In addition the UK’s trade body representing ad agencies, the Institute of Practitioners in Advertising (IPA) has called in response to the report for a public and searchable repository and that it is supporting “imprints to show the sponsor of the ad.”

This is all significant progress for our plan. However, we think it is disappointing that the DCMS report recommendations didn’t clearly recommend that there should be rules covering the content of political ads, specifically objective factual claims.

There is also risk around what has been achieved so far. The Government has 3 months from the publication of the DCMS report to respond to the recommendations. As has happened with various inquiries previously it can choose to ignore recommendations presented to it.  We must ensure that the two recommendations in the DCMS report (imprints / watermarks and the ad repository) get a positive response from the Government. We will look to influence formal recognition for the substantiation of objective factual claims.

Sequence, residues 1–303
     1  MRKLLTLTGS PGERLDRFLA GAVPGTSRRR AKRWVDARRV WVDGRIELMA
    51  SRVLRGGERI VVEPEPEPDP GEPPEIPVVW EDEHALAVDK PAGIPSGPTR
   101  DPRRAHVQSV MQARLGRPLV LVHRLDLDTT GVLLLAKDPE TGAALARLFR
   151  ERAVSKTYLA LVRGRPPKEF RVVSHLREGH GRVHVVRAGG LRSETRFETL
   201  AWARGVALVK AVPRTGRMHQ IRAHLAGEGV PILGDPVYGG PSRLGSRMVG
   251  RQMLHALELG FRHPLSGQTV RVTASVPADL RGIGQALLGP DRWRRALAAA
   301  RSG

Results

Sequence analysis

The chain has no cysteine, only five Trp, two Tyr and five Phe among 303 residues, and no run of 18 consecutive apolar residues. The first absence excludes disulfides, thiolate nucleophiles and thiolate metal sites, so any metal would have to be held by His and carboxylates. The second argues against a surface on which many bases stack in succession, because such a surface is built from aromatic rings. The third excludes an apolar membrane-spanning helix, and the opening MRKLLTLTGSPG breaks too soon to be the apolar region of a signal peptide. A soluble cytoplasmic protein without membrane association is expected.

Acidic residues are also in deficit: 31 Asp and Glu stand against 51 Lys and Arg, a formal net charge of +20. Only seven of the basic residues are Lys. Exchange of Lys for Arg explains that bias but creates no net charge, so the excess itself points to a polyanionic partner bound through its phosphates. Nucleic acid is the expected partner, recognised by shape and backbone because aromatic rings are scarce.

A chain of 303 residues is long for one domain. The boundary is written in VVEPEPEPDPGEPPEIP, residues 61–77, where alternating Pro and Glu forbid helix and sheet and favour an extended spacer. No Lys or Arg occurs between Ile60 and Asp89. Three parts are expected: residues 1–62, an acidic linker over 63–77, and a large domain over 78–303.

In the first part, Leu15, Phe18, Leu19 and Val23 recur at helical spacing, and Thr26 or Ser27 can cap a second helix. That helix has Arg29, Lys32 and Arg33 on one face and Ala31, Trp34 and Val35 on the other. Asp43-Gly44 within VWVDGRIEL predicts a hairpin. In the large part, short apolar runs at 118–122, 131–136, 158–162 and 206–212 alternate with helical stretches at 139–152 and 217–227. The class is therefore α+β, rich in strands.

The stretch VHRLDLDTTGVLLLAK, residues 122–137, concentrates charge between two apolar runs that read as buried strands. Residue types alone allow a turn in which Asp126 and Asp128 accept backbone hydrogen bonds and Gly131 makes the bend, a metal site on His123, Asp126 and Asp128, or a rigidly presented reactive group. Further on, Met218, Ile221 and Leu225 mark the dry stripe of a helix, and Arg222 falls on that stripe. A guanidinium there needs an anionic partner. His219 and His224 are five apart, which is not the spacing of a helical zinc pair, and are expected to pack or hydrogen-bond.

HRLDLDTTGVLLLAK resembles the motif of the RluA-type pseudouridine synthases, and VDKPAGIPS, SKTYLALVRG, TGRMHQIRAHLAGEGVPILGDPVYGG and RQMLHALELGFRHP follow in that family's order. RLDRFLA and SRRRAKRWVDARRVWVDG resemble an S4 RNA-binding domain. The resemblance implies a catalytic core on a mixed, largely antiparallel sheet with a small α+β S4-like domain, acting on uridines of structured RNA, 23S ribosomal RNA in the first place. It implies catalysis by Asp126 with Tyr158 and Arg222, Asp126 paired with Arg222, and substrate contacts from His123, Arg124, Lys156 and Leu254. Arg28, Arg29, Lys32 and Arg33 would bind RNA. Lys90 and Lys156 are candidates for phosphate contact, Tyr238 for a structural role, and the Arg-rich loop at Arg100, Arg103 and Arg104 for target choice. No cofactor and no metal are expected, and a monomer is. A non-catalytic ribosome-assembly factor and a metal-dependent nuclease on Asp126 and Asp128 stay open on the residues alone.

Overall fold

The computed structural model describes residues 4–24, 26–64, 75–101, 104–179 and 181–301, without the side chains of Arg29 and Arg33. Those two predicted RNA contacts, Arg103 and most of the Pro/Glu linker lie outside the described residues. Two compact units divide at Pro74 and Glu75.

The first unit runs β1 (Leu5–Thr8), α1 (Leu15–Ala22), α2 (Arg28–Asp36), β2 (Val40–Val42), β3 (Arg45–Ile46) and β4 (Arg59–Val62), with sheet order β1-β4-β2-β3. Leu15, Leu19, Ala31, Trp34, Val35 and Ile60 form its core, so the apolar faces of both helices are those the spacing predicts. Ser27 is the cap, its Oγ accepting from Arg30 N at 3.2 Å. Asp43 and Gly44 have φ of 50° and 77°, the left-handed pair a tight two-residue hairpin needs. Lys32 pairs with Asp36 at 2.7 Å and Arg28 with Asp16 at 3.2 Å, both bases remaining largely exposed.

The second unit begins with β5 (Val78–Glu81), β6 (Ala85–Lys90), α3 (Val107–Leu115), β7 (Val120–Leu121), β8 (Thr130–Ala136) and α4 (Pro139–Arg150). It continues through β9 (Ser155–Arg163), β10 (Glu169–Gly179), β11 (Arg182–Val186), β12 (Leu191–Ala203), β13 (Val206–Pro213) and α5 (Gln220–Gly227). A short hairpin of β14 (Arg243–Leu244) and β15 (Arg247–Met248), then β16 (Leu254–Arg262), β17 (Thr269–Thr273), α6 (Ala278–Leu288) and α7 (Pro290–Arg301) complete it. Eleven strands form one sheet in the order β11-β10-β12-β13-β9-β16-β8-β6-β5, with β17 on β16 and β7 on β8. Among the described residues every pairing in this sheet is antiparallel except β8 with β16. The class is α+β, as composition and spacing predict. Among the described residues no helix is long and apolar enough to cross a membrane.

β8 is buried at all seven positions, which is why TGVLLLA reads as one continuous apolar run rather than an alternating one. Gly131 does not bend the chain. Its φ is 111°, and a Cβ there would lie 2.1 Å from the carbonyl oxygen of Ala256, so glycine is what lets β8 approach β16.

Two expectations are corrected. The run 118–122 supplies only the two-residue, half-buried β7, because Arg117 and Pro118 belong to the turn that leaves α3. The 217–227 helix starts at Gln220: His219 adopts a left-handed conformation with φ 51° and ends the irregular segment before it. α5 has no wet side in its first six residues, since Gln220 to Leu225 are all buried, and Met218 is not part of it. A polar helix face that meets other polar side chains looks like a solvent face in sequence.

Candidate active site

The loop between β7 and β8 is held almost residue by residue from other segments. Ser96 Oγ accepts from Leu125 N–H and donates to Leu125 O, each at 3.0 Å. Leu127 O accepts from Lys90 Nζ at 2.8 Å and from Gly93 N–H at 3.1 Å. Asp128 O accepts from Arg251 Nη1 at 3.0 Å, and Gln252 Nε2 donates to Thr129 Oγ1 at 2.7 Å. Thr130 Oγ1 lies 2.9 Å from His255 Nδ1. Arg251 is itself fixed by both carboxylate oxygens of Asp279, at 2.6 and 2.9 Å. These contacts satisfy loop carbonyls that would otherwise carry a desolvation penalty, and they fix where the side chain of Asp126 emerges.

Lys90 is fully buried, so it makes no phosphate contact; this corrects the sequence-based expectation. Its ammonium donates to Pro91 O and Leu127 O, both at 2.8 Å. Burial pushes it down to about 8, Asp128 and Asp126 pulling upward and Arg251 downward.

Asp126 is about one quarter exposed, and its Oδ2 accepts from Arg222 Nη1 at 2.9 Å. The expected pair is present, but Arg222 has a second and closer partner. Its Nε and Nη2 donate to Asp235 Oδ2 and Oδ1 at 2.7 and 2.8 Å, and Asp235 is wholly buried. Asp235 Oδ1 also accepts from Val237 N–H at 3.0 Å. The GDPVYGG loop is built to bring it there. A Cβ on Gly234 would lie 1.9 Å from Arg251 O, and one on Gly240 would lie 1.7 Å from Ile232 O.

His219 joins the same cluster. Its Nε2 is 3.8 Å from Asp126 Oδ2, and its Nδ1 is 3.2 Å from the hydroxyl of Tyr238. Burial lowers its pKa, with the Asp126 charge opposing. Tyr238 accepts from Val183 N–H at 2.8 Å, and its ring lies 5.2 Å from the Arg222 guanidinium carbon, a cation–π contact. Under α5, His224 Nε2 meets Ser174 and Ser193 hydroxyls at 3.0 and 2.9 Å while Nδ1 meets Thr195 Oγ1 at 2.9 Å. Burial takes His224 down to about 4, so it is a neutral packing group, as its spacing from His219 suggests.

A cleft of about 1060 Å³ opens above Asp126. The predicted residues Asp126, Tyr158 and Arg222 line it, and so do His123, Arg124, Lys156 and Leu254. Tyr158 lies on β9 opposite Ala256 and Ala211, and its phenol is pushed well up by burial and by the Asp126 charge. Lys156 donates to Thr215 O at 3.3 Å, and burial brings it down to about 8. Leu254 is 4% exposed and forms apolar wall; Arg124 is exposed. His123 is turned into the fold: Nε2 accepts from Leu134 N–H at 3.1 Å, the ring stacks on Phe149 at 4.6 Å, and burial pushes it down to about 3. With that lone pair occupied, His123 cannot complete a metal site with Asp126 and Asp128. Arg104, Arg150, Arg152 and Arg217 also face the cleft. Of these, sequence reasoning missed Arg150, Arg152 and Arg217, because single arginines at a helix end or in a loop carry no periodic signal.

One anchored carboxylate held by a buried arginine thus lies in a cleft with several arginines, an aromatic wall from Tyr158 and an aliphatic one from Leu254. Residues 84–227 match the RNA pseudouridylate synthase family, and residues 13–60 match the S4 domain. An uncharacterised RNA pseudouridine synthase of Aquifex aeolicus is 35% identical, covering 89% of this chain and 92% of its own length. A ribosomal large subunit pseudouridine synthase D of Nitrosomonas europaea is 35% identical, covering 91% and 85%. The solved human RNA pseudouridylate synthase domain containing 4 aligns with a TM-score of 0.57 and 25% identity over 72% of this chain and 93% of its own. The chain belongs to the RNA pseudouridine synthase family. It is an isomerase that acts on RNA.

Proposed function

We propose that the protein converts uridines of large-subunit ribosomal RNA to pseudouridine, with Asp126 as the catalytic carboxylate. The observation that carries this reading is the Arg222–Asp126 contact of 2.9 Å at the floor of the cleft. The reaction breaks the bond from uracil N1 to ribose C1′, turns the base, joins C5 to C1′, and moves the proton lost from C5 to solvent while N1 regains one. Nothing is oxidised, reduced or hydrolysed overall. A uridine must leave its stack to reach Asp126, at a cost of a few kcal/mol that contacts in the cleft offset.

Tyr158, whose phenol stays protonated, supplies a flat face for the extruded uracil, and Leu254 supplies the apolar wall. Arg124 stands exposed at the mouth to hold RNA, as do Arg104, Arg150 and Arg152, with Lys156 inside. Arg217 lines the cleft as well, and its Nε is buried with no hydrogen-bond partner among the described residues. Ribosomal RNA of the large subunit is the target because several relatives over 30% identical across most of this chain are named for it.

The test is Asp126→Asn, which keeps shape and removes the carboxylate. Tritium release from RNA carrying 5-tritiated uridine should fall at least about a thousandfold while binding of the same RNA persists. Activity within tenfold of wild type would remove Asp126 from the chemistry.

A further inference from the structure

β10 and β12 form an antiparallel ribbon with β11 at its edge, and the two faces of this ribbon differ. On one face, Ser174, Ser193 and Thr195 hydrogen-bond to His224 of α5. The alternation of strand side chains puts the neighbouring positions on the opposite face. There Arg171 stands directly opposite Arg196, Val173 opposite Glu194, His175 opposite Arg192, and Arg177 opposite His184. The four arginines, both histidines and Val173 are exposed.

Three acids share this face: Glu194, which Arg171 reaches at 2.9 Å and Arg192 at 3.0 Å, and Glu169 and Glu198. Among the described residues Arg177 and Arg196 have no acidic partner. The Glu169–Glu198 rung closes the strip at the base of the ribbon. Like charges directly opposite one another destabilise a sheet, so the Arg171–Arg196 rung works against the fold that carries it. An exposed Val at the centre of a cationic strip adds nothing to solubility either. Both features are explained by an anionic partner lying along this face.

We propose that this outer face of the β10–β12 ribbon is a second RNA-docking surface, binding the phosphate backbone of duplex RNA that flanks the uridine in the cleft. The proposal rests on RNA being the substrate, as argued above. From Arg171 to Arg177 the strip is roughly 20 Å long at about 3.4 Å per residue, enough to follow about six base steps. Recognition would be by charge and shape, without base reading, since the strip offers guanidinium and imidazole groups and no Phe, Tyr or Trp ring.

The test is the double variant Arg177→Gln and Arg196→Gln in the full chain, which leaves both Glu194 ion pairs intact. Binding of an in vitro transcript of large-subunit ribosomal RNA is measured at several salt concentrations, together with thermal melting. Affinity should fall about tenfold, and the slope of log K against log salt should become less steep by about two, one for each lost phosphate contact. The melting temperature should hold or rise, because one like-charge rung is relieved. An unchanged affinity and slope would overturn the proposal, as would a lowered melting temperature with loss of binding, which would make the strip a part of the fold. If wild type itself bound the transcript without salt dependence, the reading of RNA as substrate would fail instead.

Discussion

Now is the time to build on our movement of citizens, the ad industry, businesses and not for profits to continue to demand change.

We detail our plan below. Our solution is a simple, uncontroversial, non-partisan four-point plan that Parliament could easily implement.

1/  Legislate so that all paid-for political adverts can be viewed by the public

The DCMS report’s recommendation for this should be implemented in full.  A searchable repository of online political advertising should be developed, including information on when each advertisement was posted, at whom it was targeted, and how much was spent on it. There should be a requirement for all political advertising work to be listed for public display so that, even if the work does not require regulatory clearance, it is accountable, clear, and available for all to see. It should be run and managed independently of the advertising industry and political parties.